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An Essay in Christian Sexual Ethics
This important philosophical reflection on love and sexuality from a broadly Christian perspective is aimed at philosophers, theologians, and educated Christian readers. Alexander R. Pruss focuses on foundational questions on the nature of romantic love and on controversial questions in sexual ethics on the basis of the fundamental idea that romantic love pursues union of two persons as one body. One Body begins with an account, inspired by St. Thomas Aquinas, of the general nature of love as constituted by components of goodwill, appreciation, and unitiveness. Different forms of love, such as parental, collegial, filial, friendly, fraternal, or romantic, Pruss argues, differ primarily not in terms of goodwill or appreciation but in terms of the kind of union that is sought. Pruss examines romantic love as distinguished from other kinds of love by a focus on a particular kind of union, a deep union as one body achieved through the joint biological striving of the sort involved in reproduction. Taking the account of the union that romantic love seeks as a foundation, the book considers the nature of marriage and applies its account to controversial ethical questions, such as the connection between love, sex, and commitment and the moral issues involving contraception, same-sex activity, and reproductive technology. With philosophical rigor and sophistication, Pruss provides carefully argued answers to controversial questions in Christian sexual ethics.
Introducing Islam's Holy Book
Opening the Qur'an can be a bewildering experience to non-Muslim, English-speaking readers. Those who expect historical narratives, stories, or essays on morals are perplexed once they pass the beautiful first Surah, often shocked and then bogged down by Surah 2, and even offended by Surah 3’s strictures against nonbelievers. Walter H. Wagner “opens” the Qur’an by offering a comprehensive and extraordinarily readable, step-by-step introduction to the text, making it accessible to students, teachers, clergy, and general readers interested in Islam and Islam’s holy Book. Wagner first places the prophet Muhammad, the Qur'an, and the early Muslim community in their historical, geographical, and theological contexts. This background is a basis for interpreting the Qur'an and understanding its role in later Muslim developments as well as for relationships between Muslims, Jews, and Christians. He then looks in detail at specific passages, moving from cherished devotional texts to increasingly difficult and provocative subjects. The selected bibliography serves as a resource for further reading and study. Woven into the discussion are references to Islamic beliefs and practices. Wagner shows great sensitivity toward the risks and opportunities for non-Muslims who attempt to interpret the Qur'an, and sympathy in the long struggle to build bridges of mutual trust and honest appreciation between Muslims and non-Muslims.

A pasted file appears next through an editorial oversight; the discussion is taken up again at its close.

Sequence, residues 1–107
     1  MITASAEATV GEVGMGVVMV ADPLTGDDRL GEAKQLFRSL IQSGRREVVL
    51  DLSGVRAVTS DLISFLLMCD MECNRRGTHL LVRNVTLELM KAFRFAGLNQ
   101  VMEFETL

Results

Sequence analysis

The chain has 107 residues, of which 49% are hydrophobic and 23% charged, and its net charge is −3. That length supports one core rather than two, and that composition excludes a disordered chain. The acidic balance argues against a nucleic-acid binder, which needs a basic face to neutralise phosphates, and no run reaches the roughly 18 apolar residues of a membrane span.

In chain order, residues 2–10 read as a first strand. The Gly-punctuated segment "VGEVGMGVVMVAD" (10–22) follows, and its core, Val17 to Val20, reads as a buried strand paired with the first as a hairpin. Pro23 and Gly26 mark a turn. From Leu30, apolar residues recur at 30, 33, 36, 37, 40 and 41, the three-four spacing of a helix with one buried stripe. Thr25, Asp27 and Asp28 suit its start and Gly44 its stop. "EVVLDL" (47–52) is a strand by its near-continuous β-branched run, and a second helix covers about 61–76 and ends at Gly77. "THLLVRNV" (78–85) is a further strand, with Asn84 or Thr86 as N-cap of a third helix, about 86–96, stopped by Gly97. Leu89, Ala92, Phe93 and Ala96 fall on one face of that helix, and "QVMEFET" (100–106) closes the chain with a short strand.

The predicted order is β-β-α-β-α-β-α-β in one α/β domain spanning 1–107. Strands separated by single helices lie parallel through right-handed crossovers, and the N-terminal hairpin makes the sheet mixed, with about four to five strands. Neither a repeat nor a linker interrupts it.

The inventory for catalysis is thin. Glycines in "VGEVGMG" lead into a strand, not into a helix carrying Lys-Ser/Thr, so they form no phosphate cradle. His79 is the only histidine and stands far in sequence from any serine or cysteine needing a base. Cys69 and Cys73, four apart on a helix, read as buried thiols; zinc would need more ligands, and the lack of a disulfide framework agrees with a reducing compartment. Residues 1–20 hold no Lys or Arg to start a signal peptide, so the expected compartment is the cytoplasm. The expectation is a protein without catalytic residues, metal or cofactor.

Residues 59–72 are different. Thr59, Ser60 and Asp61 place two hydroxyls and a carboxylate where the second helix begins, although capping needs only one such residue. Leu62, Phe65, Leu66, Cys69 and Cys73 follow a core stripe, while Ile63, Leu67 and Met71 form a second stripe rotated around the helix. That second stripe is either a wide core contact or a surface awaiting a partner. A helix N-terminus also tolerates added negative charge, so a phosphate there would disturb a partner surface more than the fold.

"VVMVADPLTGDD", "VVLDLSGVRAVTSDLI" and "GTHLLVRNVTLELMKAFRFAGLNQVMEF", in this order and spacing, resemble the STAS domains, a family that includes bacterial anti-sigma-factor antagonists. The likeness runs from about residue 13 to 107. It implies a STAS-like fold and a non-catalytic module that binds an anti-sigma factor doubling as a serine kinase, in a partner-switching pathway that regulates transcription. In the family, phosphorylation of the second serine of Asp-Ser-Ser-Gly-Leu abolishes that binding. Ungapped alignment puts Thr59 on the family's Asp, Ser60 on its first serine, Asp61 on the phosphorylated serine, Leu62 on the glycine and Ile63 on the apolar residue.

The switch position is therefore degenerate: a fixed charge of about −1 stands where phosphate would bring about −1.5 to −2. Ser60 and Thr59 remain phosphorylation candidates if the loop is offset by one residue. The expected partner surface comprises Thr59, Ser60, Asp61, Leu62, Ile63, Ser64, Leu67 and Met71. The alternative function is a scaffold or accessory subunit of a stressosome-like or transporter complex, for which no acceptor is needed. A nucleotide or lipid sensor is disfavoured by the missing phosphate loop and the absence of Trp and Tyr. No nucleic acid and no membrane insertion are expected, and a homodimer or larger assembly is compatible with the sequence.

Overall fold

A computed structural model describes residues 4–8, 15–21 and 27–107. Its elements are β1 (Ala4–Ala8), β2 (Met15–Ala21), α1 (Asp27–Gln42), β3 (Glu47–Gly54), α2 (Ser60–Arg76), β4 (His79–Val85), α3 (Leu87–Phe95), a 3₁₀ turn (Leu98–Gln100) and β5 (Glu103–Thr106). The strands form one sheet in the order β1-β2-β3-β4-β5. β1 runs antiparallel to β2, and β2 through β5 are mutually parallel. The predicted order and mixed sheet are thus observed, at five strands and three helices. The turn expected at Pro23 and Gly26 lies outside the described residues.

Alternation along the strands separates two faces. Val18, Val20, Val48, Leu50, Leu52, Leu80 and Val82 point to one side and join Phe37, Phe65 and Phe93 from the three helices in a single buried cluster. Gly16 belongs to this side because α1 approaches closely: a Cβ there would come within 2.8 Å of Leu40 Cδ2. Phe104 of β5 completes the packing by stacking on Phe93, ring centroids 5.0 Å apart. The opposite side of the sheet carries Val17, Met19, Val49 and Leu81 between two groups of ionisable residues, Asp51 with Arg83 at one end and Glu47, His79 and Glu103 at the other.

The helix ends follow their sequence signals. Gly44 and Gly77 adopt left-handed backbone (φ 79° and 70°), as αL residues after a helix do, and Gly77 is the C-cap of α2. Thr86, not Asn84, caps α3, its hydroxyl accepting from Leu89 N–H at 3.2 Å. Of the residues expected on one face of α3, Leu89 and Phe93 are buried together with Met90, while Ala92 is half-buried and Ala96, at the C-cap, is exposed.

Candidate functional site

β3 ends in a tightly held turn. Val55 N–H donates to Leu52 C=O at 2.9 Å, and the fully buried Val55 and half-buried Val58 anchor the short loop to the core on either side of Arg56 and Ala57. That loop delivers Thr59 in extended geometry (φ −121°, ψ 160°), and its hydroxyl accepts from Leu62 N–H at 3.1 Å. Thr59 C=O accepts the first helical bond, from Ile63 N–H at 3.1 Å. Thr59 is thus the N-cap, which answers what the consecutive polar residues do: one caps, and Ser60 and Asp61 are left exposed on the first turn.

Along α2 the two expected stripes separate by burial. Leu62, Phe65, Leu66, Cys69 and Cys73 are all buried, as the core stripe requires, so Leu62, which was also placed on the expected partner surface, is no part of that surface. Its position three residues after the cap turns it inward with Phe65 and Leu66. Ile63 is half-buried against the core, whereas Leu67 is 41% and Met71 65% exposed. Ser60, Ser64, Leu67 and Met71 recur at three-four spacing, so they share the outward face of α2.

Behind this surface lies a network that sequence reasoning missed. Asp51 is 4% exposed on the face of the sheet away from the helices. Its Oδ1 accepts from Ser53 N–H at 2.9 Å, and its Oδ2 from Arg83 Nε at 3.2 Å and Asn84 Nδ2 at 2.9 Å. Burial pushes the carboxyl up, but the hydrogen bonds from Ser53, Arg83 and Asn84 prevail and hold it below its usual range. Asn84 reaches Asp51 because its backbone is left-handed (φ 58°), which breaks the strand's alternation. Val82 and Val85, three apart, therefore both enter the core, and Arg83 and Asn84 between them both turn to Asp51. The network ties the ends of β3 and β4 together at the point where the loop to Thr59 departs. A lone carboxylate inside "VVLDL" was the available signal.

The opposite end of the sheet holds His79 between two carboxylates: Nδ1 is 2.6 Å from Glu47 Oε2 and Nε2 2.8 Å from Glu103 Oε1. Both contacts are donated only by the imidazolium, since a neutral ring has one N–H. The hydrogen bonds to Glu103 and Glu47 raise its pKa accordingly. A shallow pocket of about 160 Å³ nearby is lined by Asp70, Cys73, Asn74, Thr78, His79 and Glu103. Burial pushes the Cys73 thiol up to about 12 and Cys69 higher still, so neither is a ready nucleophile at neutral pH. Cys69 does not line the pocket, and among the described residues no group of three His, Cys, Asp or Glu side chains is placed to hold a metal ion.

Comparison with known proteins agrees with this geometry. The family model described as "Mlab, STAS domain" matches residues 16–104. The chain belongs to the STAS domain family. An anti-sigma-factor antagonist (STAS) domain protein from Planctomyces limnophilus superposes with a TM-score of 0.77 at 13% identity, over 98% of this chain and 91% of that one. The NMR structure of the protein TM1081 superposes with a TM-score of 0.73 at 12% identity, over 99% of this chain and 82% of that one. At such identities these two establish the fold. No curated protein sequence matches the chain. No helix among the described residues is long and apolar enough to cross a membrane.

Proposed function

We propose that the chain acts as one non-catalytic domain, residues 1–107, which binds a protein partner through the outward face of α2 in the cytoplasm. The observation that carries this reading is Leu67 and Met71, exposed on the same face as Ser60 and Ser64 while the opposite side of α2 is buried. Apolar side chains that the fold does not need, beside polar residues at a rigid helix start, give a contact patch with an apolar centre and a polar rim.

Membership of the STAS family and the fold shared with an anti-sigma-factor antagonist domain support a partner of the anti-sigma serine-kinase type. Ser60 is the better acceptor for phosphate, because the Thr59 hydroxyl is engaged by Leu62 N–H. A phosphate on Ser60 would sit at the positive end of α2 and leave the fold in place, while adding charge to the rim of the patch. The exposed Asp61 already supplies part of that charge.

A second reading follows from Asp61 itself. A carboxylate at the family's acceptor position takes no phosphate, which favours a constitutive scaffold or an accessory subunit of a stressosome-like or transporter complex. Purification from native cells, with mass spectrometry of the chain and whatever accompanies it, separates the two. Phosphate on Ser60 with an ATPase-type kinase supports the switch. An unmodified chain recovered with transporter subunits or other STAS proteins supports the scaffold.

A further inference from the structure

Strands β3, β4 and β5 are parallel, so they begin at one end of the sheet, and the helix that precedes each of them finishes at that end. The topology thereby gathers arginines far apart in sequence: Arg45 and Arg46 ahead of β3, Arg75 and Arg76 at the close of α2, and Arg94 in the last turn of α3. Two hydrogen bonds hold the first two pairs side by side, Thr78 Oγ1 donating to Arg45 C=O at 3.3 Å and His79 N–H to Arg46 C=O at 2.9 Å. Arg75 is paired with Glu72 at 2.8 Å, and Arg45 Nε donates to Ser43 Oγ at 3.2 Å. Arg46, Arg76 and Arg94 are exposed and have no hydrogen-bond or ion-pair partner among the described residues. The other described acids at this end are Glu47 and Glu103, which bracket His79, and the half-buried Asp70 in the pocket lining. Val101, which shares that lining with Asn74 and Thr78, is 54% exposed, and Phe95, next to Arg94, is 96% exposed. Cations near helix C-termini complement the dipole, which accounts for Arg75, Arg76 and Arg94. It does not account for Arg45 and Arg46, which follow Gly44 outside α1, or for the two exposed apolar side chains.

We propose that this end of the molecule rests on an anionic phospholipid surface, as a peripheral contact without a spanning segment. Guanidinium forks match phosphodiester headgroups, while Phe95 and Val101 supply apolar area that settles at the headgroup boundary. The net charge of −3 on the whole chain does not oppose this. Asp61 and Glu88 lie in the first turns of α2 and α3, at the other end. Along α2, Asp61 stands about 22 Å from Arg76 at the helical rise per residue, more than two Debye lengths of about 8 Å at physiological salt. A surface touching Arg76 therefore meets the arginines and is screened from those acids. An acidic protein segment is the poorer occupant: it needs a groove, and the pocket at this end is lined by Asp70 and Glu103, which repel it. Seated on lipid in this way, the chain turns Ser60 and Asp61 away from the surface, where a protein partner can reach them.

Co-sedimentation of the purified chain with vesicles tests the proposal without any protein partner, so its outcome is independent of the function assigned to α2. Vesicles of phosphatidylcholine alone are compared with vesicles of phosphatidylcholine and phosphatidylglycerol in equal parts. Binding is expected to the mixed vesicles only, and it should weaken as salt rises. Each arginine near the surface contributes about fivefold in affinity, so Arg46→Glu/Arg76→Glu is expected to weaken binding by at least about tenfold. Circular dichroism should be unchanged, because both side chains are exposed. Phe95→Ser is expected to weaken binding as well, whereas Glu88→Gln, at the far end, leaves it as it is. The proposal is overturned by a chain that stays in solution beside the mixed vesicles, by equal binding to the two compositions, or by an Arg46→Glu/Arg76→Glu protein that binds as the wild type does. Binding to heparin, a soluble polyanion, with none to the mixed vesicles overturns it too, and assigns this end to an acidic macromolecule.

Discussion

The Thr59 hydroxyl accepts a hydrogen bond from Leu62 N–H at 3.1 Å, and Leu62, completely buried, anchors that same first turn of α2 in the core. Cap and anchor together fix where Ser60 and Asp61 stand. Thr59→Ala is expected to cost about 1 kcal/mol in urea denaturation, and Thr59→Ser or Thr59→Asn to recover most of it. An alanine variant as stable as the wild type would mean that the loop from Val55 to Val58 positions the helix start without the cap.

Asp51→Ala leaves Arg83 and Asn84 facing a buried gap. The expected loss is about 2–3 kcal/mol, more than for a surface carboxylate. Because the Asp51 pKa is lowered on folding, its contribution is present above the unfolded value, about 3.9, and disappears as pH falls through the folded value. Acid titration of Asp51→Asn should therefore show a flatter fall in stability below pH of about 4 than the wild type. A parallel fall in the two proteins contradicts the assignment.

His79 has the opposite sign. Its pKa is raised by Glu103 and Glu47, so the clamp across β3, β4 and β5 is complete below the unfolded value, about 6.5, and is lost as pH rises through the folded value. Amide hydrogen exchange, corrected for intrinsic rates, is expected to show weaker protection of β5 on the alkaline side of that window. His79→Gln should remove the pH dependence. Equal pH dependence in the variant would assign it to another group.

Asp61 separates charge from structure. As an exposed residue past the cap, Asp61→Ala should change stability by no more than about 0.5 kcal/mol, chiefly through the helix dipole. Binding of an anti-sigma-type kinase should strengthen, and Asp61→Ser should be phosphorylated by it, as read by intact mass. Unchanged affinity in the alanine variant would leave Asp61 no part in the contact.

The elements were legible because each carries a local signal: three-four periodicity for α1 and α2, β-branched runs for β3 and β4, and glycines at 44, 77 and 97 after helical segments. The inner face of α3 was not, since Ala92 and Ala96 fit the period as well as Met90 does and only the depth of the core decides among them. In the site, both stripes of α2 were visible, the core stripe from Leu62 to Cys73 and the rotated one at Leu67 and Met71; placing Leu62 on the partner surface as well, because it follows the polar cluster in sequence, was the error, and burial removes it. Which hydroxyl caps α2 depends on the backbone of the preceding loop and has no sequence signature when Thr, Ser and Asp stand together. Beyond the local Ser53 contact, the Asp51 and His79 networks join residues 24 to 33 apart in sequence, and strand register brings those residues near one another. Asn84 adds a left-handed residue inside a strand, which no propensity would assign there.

The Legacy of Origen's Commentary on Romans
Standard accounts of the history of interpretation of Paul’s Letter to the Romans often begin with St. Augustine. As Thomas P. Scheck demonstrates, however, the Commentary on the Epistle to the Romans by Origen of Alexandria (185-254 CE) was a major work of Pauline exegesis which, by means of the Latin translation preserved in the West, had a significant influence on the Christian exegetical tradition. Scheck begins by exploring Origen’s views on justification and on the intimate connection of faith and post-baptismal good works as essential to justification. He traces the enormous influence Origen’s Commentary on Romans had on later theologians in the Latin West, including the ways in which theologians often appropriated Origen’s exegesis in their own work. Scheck analyzes in particular the reception of Origen by Pelagius, Augustine, William of St. Thierry, Erasmus, Cornelius Jansen, the Anglican Bishop Richard Montagu, and the Catholic lay apologist John Heigham, as well as Martin Luther, Philip Melanchthon, and other Protestant Reformers who harshly attacked Origen’s interpretation as fatally flawed. But as Scheck shows, theologians through the post-Reformation controversies of the sixteenth and seventeenth centuries studied and engaged Origen extensively, even if not always in agreement. An important work in patristics, biblical interpretation, and historical theology, Origen and the History of Justification establishes the formative role played by Origen’s Pauline exegesis, while also contributing to our understanding of the theological issues surrounding justification in the western Christian tradition.
Readings in Spanish Philosophy
English-speaking philosophers are generally attuned to the German and French philosophical traditions but not to the Spanish. Why, for example, does someone with the vivid appeal of Bartolomé de Las Casas remain almost completely unknown in North America? The purpose of this anthology is to introduce the Spanish philosophical tradition to English-speaking readers. Other Voices: Readings in Spanish Philosophy represents high points of nearly two millennia of Spanish philosophy, from first-century thinkers in Roman Hispania to those of the twentieth century. John R. Welch has selected, and in several cases translated excerpts from the works of thirteen philosophers: Seneca, Quintilian, Isidore of Seville, Ibn Rushd (Averroës), Moses Maimonides, Ramón Llull, Juan Luis Vives, Francisco de Vitoria, Bartolomé de Las Casas, Francisco Suárez, Benito Jerónimo Feijóo, Miguel de Unamuno, and José Ortega y Gasset. Welch provides for the reader a brief introduction to each historical period or philosophical movement represented and a biographical introduction to each philosopher. Of special interest are the selection from Feijóo's "A Defense of Women" (an attack on misogyny), which has not been translated into English since the eighteenth century; the arguments on the justification of war by Vitoria and Las Casas (in the context of the Spanish conquest); and Unamuno's celebration of the concrete over the abstract, desire over reason.